What do you define as antique? Has it got to be more than 100 years old? Does it need to be a collectible item that will find willing buyers? Humans have a long love affair with collecting stuff and keeping it for themselves. One only need to look at the mausoleums and uncovered tombs of the ancients to discover what hoards were accumulated and kept for the afterlife!
Being a young nation, our little red dot does not have much in the way of antiques, unless one counts the antiquities uncovered of the 14th century. Can’t collect them privately though…we do have the art and collectibles of the region but it seems the collecting scene is not as diverse as the,
There is this part of Pennsylvania US that has been nicknamed as such. In an area the size of 3½ times Singapore, Lancaster county has one of the highest concentrations of antique and collectable dealers both in the US and probably around the world – we think. So alley is an understatement! And we are not talking about small shops either. Here we are talking about complexes the size of many football fields or equivalent of large warehouses, and where a large number of dealers and individual sellers are co-located.
We found the most concentration of dealers around the towns of Reading and Adamstown. There, you can literally drive and stop every hundred meters or so for shopping!
When Mel travelled along for work on his own, he spent a lot of time at Adamstown where he visited Stoudt’s antique mall. It is a combination of both a restaurant and pub + Sunday antique market. Unfortunately he was there late in the day and most of the dealers were already packed, so don’t get there too late! However, that did not discourage him from driving over to Adamstown antique mall and gallery. Both were really large malls with rows of cabinets.
The individual sellers rent/lease space in these cabinets, which probably serve as a storage place as well. At some of these “malls”, the stallholders are not there and it is the management of the mall that will serve you when you want to see a particular item up close. The atmosphere in these antique malls is relaxed, even carnival like at some locations. No pressure to buy or view any of the items. In fact, it all seems to be a hobby for many of these folks who keep a stall.
Is it all junk?
The mixed array of stuff here range from toys to silverware. Unlike the “rag and bone” collectors here in Singapore, these collectors are much better organized in terms of sorting out the items collected and on sale. Many of the items had been lovingly restored. Rows of old books sitting on shelves next to cabinets of glassware and ceramics. From the smallest items to large dining tables, any collector will find something that caters to their interest. Just bring enough money or plastic…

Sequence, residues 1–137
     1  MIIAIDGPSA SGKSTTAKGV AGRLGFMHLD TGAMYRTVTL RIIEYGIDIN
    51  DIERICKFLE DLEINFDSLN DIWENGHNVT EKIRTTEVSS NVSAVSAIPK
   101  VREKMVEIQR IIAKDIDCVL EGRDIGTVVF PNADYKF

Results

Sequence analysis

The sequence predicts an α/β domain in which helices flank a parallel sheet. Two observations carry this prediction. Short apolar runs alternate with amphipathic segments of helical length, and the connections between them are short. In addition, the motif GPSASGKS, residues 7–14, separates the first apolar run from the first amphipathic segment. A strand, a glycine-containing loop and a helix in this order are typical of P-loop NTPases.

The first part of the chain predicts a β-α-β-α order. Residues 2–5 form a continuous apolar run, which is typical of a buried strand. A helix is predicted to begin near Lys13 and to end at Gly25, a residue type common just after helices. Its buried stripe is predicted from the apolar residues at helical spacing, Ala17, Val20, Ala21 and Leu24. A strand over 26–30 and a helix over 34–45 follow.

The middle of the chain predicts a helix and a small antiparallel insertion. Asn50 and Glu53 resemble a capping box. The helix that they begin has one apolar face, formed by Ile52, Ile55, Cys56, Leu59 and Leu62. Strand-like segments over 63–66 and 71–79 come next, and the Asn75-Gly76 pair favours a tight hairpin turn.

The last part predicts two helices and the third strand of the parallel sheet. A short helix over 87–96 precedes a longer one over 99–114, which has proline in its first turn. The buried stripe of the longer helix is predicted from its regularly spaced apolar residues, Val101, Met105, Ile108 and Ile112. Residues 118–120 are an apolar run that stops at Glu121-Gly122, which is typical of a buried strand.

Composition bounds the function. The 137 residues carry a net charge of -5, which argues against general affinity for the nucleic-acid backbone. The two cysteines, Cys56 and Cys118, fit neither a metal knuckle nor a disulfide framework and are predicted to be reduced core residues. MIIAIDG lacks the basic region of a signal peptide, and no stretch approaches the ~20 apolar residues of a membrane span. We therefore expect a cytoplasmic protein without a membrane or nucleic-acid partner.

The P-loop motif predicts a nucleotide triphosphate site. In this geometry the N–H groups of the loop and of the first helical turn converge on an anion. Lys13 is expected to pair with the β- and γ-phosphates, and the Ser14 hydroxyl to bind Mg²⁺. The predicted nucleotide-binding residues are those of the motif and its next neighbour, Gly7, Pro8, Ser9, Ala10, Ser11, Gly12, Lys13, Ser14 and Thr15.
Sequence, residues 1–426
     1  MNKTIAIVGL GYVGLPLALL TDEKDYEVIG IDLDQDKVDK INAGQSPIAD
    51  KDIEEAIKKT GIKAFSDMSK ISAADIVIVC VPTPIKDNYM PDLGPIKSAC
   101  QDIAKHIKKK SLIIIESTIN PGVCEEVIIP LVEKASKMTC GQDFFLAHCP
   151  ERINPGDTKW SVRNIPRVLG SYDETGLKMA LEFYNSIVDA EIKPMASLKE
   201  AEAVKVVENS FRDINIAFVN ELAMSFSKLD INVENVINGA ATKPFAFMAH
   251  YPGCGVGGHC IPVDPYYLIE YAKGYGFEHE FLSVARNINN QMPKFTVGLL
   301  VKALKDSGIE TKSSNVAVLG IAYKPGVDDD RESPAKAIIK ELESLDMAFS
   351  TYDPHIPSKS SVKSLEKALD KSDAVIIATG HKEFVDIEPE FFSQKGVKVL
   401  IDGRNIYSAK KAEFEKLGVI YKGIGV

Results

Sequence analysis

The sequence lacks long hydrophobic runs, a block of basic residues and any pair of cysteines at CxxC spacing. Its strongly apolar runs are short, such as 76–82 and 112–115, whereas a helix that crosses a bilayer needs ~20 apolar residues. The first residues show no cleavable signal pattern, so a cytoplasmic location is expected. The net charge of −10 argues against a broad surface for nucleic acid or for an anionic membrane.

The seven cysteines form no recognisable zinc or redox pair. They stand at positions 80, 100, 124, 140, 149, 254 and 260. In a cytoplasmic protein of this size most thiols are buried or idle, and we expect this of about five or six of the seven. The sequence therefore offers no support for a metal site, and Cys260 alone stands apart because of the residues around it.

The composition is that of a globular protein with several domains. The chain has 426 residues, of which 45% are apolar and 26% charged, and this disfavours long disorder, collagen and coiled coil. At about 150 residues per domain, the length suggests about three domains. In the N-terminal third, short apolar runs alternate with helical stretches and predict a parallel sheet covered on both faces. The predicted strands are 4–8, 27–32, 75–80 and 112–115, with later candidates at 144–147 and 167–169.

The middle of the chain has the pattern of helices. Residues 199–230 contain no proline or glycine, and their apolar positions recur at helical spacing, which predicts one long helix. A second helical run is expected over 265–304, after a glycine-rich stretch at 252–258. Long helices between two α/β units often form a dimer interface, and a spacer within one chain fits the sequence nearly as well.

In addition to fixed lots in this warehouse-like malls, there are also weekend markets where antique dealers will set up shop with their latest acquisitions. Think England. They have the same. Look out on the internet for when these are due to take place. They are huge!
Now if you think it is not possible to bargain at all in these antique malls, think again. You can make an offer – the worst that can happen is that it is rejected and a counter offer is made. This is all in the spirit of the “trade” in which you chat up with the dealer about the item – sometimes great stories can be told. Mel purchased a frame with numerous paper currency notes pasted on it along with some stamps. Turns out the original owner used to travel all over Asia as an engineer and collected currency notes from all over southeast Asia during the course of his work.
One of the things about shopping at antique alley is that the prices are still reasonable. Maybe due to the competition of many dealers or perhaps a “code” of conduct, you will not be made to pay exorbitant prices just because you look well “foreign”. Of course, bargaining like you are in Asia is not likely to be all that fruitful. Tactful negotiation is preferred.
While we did not pay much attention to the antique furniture portions of the malls, they are by no less exciting. There are heavy-set beautiful cherry and mahogany dining tables and chairs that are definitely more than a hundred years old!
Imagine the elegance it has in one’s home, though we think you need a large apartment to fit these furniture. While it is too bulky to bring home with you, it will be no mean feat to make arrangement with the dealer to have it shipped.
For us little red dotters, take note of the limits on GST-free import being pegged to a value of S$600, or less. Anything above the limit will mean you’d be summoned to the customs office to pay GST before the shipment can be delivered to your home!
A day of driving through Lancaster is definitely not sufficient. If we had more time, we’d spend 3-4 days here! Seriously, you’d best plan your driving route to as to minimize driving time and maximize the time browsing in the malls and stalls. Be early at the open-air markets, they close by 4pm! Parking can be challenging too. Malls on the other hand may be open till 6pm or even later in some places.
This essay has focused on antique malls. However, it is not in such malls alone where you can find gems of a kind. Someday we will introduce you to the estate auction, one in which you can bid for heirlooms!
So the next time you get a chance to visit Pennsylvania, do not just head to the Premium outlets or the King of Prussia mall. Go see the other side to shopping; for value of items with history, heritage and provenance. We are sure you will be able to find gifts for your friends and love ones that give lasting impressions and lasts for a long time.
Our antiquing days here were in April 2012 and June 2016